May 30, 2024
Austin, Texas, USA
Health & Fitness

The Benefits of Strawberries for the Body


A fresh, bright and beautiful addition to any meal, strawberries provide a smorgasbord of health-boosting nutrients. These little red gems are loaded with Vitamin C, folate, potassium and antioxidants.

Strawberries also offer ellagic acid, an anti-cancer plant compound. They support immunity with Vitamin C, which has anti-inflammatory properties. Plus, they contain potassium, a nutrient that counteracts bloating-causing sodium and helps eliminate excess water weight.


Antioxidants are one of the body’s first lines of defense, reducing free radical damage that can lead to inflammation and chronic health conditions. They work by “donating” electrons to unstable free radicals, which otherwise would have taken them from healthy cells. This prevents oxidative stress, which is known to cause many diseases and aging processes.

Strawberry polyphenolic phytochemicals such as flavonols and ellagic acid have been shown to inhibit oxidative stress, reduce apoptosis and mutagenesis, and exhibit antimicrobial properties.

A cup of strawberries has only 49 calories, and is high in both soluble and insoluble fiber. One strawberry also contains vitamin C, a powerful antioxidant that may help fight cancer and ward off heart disease. It can also decrease levels of the blood protein C-reactive, which is associated with inflammation.


Strawberries have an anti-inflammatory effect on the body that reduces chronic inflammation. This inflammation can cause a lot of health problems including weight gain. Strawberry’s anthocyanins restore the functionalities of hormones that are responsible for reducing weight and burning fat (20).

Eating strawberries can also lower cholesterol levels in the body. According to a study published in 2021 in Nutrients, people who regularly eat strawberries had better lipid profiles and lowered C-reactive protein levels.

The quercetin antioxidants in strawberries protect against heart disease by inhibiting oxidation of “bad” LDL cholesterol and plaque buildup in the arteries. They also help prevent a type of brain inflammation that may lead to Alzheimer’s and Parkinson’s. (21, 22)


The antioxidants and phytonutrients in strawberries can help boost the immune system, reduce inflammation, and support cardiovascular health. The fruit is also a good source of vitamins C and K, manganese, fiber, folate and potassium.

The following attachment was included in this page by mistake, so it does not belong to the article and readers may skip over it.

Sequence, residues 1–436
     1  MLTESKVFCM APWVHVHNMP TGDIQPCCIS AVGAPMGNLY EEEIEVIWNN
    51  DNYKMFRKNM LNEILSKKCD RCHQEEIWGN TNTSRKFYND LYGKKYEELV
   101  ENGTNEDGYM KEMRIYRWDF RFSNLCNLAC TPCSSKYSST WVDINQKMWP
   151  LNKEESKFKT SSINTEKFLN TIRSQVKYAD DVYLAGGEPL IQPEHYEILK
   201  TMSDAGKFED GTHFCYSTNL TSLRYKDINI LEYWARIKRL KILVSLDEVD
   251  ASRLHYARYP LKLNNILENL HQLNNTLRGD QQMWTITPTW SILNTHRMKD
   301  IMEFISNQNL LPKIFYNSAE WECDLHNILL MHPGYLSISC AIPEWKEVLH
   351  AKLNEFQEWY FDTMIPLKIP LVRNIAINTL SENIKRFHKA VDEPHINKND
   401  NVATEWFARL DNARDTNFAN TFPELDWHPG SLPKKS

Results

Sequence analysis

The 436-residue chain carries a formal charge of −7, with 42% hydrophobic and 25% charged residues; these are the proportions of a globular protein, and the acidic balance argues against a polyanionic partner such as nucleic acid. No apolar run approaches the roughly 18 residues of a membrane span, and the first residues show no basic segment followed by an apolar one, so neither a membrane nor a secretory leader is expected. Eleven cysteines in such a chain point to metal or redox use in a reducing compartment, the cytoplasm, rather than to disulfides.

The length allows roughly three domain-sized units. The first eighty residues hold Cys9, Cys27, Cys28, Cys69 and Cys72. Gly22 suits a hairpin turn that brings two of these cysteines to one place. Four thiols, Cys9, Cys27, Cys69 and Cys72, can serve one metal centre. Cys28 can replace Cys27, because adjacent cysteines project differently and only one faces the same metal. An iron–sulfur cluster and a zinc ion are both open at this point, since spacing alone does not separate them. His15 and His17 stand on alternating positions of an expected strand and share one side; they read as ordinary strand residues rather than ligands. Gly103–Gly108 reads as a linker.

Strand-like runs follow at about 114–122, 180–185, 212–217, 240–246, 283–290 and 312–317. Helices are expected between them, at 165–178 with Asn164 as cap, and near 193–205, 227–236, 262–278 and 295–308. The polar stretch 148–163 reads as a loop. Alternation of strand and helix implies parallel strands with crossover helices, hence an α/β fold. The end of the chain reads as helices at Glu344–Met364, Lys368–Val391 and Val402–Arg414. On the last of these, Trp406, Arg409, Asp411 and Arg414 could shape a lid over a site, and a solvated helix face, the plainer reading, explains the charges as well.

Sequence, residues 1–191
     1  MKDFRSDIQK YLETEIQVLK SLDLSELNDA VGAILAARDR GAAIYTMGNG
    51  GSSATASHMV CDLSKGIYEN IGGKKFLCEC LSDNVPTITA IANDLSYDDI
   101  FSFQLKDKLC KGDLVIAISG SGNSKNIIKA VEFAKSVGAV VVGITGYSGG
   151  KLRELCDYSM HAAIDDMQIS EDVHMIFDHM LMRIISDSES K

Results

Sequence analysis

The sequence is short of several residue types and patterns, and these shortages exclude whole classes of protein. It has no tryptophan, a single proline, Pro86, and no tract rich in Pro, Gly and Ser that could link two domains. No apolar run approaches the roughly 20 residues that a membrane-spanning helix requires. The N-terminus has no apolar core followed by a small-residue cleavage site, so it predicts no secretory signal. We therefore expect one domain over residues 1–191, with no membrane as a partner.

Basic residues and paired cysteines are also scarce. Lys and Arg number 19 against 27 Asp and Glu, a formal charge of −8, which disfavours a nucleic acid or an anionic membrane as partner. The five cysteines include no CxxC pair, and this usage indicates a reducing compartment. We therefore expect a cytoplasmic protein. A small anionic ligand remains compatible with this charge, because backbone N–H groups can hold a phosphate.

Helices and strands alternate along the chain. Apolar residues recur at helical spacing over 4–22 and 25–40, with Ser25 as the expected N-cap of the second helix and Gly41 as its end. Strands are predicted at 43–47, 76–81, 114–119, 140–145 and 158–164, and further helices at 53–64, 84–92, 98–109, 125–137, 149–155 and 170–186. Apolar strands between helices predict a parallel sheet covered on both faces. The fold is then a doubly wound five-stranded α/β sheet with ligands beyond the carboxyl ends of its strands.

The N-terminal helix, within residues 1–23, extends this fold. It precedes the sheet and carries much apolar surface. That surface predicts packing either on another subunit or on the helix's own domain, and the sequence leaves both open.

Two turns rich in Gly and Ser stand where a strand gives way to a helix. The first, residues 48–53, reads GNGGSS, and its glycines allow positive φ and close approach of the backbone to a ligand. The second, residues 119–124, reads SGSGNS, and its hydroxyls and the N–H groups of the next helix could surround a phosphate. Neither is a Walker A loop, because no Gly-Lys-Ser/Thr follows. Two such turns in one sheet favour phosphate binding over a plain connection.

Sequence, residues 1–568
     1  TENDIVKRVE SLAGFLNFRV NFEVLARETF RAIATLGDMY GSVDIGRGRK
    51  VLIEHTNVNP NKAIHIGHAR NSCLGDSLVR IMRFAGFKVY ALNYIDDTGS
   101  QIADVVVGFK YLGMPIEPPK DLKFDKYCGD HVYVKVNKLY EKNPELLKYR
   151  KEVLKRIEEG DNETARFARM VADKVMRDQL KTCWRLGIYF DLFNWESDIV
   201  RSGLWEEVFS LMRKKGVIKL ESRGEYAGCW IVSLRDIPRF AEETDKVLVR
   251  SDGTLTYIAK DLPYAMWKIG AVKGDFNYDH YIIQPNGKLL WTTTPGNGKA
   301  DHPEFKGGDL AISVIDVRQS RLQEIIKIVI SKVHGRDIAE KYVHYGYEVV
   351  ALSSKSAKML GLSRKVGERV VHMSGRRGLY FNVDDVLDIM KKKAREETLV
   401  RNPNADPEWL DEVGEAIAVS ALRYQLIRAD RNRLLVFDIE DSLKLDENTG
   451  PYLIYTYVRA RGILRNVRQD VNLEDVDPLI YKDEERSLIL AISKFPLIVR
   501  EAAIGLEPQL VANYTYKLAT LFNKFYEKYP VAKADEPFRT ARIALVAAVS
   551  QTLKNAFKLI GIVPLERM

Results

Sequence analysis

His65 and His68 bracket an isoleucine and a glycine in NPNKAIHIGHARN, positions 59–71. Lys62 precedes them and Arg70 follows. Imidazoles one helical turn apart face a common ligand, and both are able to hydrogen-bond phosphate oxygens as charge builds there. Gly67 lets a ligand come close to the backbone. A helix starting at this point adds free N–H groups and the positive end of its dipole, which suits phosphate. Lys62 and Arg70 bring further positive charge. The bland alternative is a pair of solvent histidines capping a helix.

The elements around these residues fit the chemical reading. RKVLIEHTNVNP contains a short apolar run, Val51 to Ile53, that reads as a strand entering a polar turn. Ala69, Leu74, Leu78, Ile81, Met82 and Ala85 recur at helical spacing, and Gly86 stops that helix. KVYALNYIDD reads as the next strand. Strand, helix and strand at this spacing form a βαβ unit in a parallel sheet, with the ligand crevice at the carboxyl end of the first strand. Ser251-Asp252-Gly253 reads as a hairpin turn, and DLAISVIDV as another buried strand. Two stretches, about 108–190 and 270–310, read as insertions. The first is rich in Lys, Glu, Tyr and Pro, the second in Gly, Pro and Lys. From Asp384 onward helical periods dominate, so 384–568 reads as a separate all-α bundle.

Vitamin C is an important immune booster and helps prevent oxidative stress by neutralizing free radicals that damage healthy cells. It also plays a role in lowering levels of C-reactive protein, an indicator of inflammatory responses in the body.

Ellagic acid, a compound in strawberries, has been shown to have anticancer properties in several animal studies. It appears to prevent the formation of atherosclerotic plaques and inhibit the growth of cancer cells. It also promotes the body’s natural housekeeping mechanism to eliminate waste and toxins. (10)

Skin health

Strawberries are packed with Vitamin C and antioxidants that protect the skin. The vitamin C helps boost immunity and is a natural brightener. It helps reduce blemishes and redness caused by acne. It also helps prevent cataracts and macular degeneration.

The ellagic acid found in strawberries fights ageing by preventing collagen destruction. It also helps reduce dark spots and hyperpigmentation.

The Vitamin C in strawberries improves blood vessel function, lowers high blood pressure and decreases inflammation. It also protects against heart disease by inhibiting LDL oxidation and reducing blood clot formation. Potassium is another heart-healthy nutrient found in strawberries, and it’s important for regulating blood sugar levels. It also lowers blood pressure and is beneficial for the kidneys.

Weight loss

Strawberries can be beneficial for the body if eaten in moderation as part of a balanced diet. They are lower in calories than most other fruits and may help promote weight loss, particularly when consumed with whole grain foods or sugar-free lemonade.

According to one study, consuming strawberries decreased total and LDL cholesterol levels in adults with hyperlipidemia. Furthermore, strawberry supplementation was found to decrease oxidative damage to LDL and increase HDL cholesterol in these individuals.

Strawberries are naturally low in sodium and fat and contain fiber, vitamin C, and phytochemicals, including ellagic acid, ellagitannins, anthocyanins, quercetin, kaempferol, and flavonoids. They are also a great source of folate, a B vitamin needed for cell growth and healthy pregnancy, and to prevent certain birth defects, such as spina bifida.

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